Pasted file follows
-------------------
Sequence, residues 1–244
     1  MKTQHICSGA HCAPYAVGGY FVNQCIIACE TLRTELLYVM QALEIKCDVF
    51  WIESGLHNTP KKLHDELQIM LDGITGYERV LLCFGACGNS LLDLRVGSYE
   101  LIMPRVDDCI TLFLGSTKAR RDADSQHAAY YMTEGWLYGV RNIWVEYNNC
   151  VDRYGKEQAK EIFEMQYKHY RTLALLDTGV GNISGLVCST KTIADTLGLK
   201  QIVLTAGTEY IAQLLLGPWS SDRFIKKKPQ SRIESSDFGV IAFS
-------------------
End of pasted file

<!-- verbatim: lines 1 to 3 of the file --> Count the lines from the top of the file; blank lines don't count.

Sequence, residues 1–244
     1  MKTQHICSGA HCAPYAVGGY FVNQCIIACE TLRTELLYVM QALEIKCDVF
    51  WIESGLHNTP KKLHDELQIM LDGITGYERV LLCFGACGNS LLDLRVGSYE